I have seen lots of dashing gamblers in my time. Some have even hit the headlines with their betting coups but if we take the group as a whole, few of them were able to "see out the distance".
That is, they went broke or they retired in the knowledge that if they didn't then they would go broke. In the same period, some 25 years and more, I've known many professional punters who have beaten the game. A few have retired with money intact. Many are still doing it.
Professional bettors, in my experience, operate in various ways but those who have proven themselves the most effective have been patient "multiple bet" types. These are the guys who make betting a serious business interest.
They haven't sought a massive fortune from the game but they have set out to make a living from it. Not an easy assignment.
On the other hand, some of the more reckless gamblers I've run into didn't plan long term. Instead, they lived for the moment and they went for the big hits, often risking everything on one bet.
I was reading an interesting article the other day, from a magazine published in the '60s, in which the writer told of his experience at Randwick one day.
Here's what he said and I put it forward here as an example of the differences between sensible and reckless betting.
"I was having a cup of tea with a gambler who, halfway through the first day of the two-day meeting, was down $17,000 after four races. He asked me my view of a Novice race and I told him there was not more than a kilo or so between Horse A and Horse B, with none of the remaining 11 starters figuring to win.
"The gambler said that was the way he saw the race and he said he was going for a big hit on Horse A. He said his connections at the stable had told him it was a certainty.
"He was talking as a gambler, not an investor. He agreed with me that there was no more than a half length or so between the pair yet he was going to put everything on one horse. It didn't make sense.
"Why not play safe and back both, I said to him. He laughed and told me he thought Horse A would win and it was silly to waste money on another runner.
"I just could not follow his line of thinking. He admitted that one of two runners should win, that there was next to nothing between them, yet he was declaring for one.
"In the end, he had $22,250 to $10,000 on Horse A and what happened? Horse B at 3/1 won the race, beating Horse A by a head. The tragedy is that Horse A was a good thing beaten. It finished up that this gambler had to ask for time to pay yet he could have played safe by making full allowance for the bad luck of the race.
"I recall my bet. I had $385 to $100 on Horse B and $345 to $155 on Horse A. Then to make Horse B my best result, I took $100 to $33 on Horse B and $200 to $100 on Horse A at the close of betting.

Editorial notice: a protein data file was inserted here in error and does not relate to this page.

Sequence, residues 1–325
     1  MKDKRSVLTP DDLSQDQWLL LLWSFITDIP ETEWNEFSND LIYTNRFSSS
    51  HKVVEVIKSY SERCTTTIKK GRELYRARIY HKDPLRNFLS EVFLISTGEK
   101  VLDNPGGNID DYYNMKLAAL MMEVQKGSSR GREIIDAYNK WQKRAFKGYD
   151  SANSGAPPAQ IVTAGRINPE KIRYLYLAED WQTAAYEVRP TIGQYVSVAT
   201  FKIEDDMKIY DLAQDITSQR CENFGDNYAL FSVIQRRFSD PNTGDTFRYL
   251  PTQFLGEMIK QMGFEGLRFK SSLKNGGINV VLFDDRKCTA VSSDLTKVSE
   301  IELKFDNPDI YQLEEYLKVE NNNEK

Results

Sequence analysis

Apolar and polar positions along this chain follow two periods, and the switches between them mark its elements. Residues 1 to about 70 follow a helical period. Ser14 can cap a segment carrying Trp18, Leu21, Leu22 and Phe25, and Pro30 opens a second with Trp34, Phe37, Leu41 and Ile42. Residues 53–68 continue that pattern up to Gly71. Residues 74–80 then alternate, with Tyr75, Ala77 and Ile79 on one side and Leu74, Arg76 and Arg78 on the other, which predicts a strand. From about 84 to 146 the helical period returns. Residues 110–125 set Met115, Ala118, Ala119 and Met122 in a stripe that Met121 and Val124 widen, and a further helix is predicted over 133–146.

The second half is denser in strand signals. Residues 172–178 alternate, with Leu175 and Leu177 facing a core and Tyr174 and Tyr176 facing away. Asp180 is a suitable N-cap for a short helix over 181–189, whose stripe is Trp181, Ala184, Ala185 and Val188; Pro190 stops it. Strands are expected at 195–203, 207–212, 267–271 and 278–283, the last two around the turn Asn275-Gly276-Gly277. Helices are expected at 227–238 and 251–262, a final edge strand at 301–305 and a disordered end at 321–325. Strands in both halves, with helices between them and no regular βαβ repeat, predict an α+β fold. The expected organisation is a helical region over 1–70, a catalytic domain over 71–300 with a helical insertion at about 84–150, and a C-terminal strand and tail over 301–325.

"My total investment was $388. Horse B returned me $618 while the return had Horse A won would have been $800. On the way the race figured, it was a satisfactory investment.
"Had the gambler bet in this ratio he would still be in business. Or if he thought Horse A was the best, he could have had $8050 to $2300 on Horse B and the balance of his $10,000 on Horse A with a bet of $17,355 to $7700 had he secured top prices. Instead, he put all his eggs in the one basket and ended up with a mess of broken shells.
"There is no strict formula to multiple betting. It depends to a great extent on odds and chances. The idea is to make a book against the bookies by backing all the chances, some to square the transaction and others to show a profit.
"Or, if the prices permit, to gain an equal profit if any of your fancies wins. I will rarely lay odds-on a horse winning, or just back one runner. The only time I ever break these rules is when I come to a race in which there is NO second best. Even then, I hesitate about taking odds-on.
"In multiple betting, if I can trim the field down to a point where one of a number of runners MUST win, I will bet odds-on finding the winner. My policy has always been to find what I consider to be bettable races; that is, a race in which there are a limited number of chances with the prices permitting me to invest on them all.
"In the majority of instances I decide how much I will lay out. I then insure myself against total loss by backing the dangers to return me the full stake. I place the balance of the money available on my prime choice.
"Provided you do the form, and bet in this manner, you won't have many worries. Most times you will break square or show a profit.
"On other occasions, if there are two outstanding chances and only one danger, I will make the latter the 'saver' and back the other two to produce a clear profit irrespective of which one wins. If there are only two chances in a race, I will, if the odds are right, support both to win the same amount."
By Richard Hartley Jnr
PRACTICAL PUNTING - MARCH 2004